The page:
Image via CrunchBaseThe whole Facebook privacy thing reveals a large strategic problem Facebook has created for itself.
It has become popular precisely because people feel they can trust in the control over the level of sharing they have - and the limitations on what each individual regards as 'going public'. For most Facebook users going public means sharing with friends. And for most Facebook users friends mean friends (which is why the vast majority don't have hundreds).
It's structurally a collection of hard-edged networks - silos - self-limiting communities rather than the adhoc, fuzzy-edged self-forming communities of the kind that Twitter (and the blogosphere for that matter) enjoys. It was built for privacy - so the hard-edges are a natural outcome.
I have written about the risk Facebook has built into its model, previously: Hoarding Data Can Seriously Damage Your Wealth and How Twitter is Going to Beat Facebook
I think the guys at Facebook understand this problem more and more as they scale. And I think that's why they keep introducing the Twitter-like conversation elements. But it's also why they keep pushing what they can get away with on privacy.
While I do believe in the longer term our notions of private/public will shift over time, that's not what the vast majority of their 500m (that's a guess) users have signed up for. So when what they, very seriously, regard as their private data starts getting used for FB's own purposes - serving unwelcome ads, for example - things kick off.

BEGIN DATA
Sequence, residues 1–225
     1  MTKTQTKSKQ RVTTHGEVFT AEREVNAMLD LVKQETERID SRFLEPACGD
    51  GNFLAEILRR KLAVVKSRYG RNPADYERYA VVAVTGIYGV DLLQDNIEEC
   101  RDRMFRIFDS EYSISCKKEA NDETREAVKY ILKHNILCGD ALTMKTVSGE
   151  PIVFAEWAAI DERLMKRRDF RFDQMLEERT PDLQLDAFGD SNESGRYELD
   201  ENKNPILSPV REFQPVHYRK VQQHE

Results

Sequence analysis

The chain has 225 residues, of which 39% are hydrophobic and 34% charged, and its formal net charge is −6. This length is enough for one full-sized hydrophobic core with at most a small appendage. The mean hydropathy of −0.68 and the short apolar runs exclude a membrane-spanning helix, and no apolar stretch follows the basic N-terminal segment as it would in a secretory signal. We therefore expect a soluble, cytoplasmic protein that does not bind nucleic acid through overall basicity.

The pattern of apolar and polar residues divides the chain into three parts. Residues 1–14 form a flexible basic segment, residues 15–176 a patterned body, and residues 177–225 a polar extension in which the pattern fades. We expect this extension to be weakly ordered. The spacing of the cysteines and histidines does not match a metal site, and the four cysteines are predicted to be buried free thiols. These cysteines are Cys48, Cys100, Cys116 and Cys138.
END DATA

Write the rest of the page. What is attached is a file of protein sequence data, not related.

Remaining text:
The guts of the problem, it seems to me, is that Facebook is developing business models as if it's a media owner. ie we've got all this great content - let's sell ads on it. Let's flog wasteful, ineffective ads on it (remember kids, click-thru rates are somewhere down round your ankles, even in uber-targeted Facebook-land).
But Facebook isn't a media owner. All the media on it is yours. You made and shared it. It's yours not theirs.
Facebook is an enabling platform. Indeed it has the potential to be a collection of any number of enabling platforms. And if it could only start believing that (Zuckerberg and co must know it) then it could start to earn a crust in an appropriate way.
When it recognises that it'll spot its business model. And it sure as hell ain't ads.
It's much closer to this kind of thing...
And only Facebook has the data through which it could find people who care about the same stuff across all the friend-to-friend silos, and reach out to them to bring them together to surface the wikifixes for products and surfaces the brands need. No one else could do this.
That's quite some competitive advantage.